The enumerator does not have exclusive access to the collection; therefore, enumerating through a collection is intrinsically not a thread-safe procedure. To guarantee thread safety during enumeration, you can lock the collection during the entire enumeration. To allow the collection to be accessed by multiple threads for reading and writing, you must implement your own synchronization.

Default implementations of collections in the System.Collections.Generic namespace are not synchronized.

Notes to Implementers

Implementing this interface requires implementing the nongeneric IEnumerator interface. The MoveNext and Reset methods do not depend on T, and appear only on the nongeneric interface. The Current property appears on both interfaces, and has different return types. Implement the nongeneric IEnumerator.Current property as an explicit interface implementation. This allows any consumer of the nongeneric interface to consume the generic interface.

The following example shows an implementation of the IEnumerator<T> interface for a collection class of custom objects. The custom object is an instance of the type Box, and the collection class is BoxCollection. This code example is part of a larger example provided for the ICollection<T> interface.


// Defines the enumerator for the Boxes collection. 
// (Some prefer this class nested in the collection class.)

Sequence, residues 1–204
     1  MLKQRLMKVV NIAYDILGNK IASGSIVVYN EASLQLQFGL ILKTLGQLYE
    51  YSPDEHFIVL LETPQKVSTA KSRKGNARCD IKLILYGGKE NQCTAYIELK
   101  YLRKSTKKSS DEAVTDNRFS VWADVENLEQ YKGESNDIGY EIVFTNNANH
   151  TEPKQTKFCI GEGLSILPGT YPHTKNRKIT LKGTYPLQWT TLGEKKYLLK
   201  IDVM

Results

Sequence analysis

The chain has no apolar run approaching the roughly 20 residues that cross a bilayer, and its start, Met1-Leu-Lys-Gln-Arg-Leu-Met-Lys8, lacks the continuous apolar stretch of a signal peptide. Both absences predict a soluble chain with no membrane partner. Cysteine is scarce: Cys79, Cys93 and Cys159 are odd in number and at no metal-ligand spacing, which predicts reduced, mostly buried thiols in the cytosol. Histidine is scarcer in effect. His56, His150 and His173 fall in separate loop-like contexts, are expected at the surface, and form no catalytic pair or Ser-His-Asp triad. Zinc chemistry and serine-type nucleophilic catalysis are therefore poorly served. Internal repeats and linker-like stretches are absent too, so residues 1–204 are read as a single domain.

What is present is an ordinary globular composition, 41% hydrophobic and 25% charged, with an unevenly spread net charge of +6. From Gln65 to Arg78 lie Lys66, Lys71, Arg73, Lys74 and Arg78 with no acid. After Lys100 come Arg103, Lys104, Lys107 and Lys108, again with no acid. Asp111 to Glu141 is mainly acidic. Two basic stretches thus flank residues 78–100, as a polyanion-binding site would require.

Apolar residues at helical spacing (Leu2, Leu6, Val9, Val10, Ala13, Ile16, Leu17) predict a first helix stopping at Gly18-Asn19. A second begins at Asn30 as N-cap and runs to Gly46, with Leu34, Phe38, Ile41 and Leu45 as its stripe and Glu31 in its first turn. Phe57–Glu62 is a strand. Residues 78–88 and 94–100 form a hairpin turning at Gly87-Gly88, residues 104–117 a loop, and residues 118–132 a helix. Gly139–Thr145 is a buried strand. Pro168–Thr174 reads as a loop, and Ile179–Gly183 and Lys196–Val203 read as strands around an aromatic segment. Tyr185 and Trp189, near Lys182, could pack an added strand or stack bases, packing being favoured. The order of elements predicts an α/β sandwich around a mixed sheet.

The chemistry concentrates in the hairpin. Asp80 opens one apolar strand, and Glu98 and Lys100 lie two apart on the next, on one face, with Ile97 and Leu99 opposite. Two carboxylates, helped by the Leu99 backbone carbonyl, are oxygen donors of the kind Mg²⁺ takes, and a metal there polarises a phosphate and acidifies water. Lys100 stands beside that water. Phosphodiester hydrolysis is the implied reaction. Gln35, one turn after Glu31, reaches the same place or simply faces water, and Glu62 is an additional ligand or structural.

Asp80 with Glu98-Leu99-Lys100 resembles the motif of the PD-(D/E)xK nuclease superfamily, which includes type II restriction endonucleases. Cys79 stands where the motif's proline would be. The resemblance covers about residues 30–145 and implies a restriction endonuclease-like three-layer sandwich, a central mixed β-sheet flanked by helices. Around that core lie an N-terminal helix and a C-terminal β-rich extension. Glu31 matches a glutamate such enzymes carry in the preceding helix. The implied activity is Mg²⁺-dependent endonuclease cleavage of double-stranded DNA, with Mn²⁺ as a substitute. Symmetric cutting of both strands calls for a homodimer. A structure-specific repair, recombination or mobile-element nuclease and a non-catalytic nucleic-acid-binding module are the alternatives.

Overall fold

public class BoxEnumerator : IEnumerator<Box>
{
    private BoxCollection _collection;
    private int curIndex;
    private Box curBox;


    public BoxEnumerator(BoxCollection collection)
    {
        _collection = collection;
        curIndex = -1;
        curBox = default(Box);

    }

    public bool MoveNext()
    {
        //Avoids going beyond the end of the collection. 
        if (++curIndex >= _collection.Count)
        {
            return false;
        }
        else
        {
            // Set current box to next item in collection.
            curBox = _collection[curIndex];
        }
        return true;
    }

    public void Reset() { curIndex = -1; }

    void IDisposable.Dispose() { }

    public Box Current
    {
        get { return curBox; }
    }


    object IEnumerator.Current
    {
        get { return Current; }
    }

}

.NET Framework

Supported in: 4.5, 4, 3.5, 3.0, 2.0

.NET Framework Client Profile

Supported in: 4, 3.5 SP1

Portable Class Library

Supported in: Portable Class Library

.NET for Windows Store apps

Supported in: Windows 8

.NET for Windows Phone apps

Supported in: Windows Phone 8.1, Windows Phone Silverlight 8.1, Windows Phone Silverlight 8

Windows Phone 8.1, Windows Phone 8, Windows 8.1, Windows Server 2012 R2, Windows 8, Windows Server 2012, Windows 7, Windows Vista SP2, Windows Server 2008 (Server Core Role not supported), Windows Server 2008 R2 (Server Core Role supported with SP1 or later; Itanium not supported)

The .NET Framework does not support all versions of every platform. For a list of the supported versions, see .NET Framework System Requirements.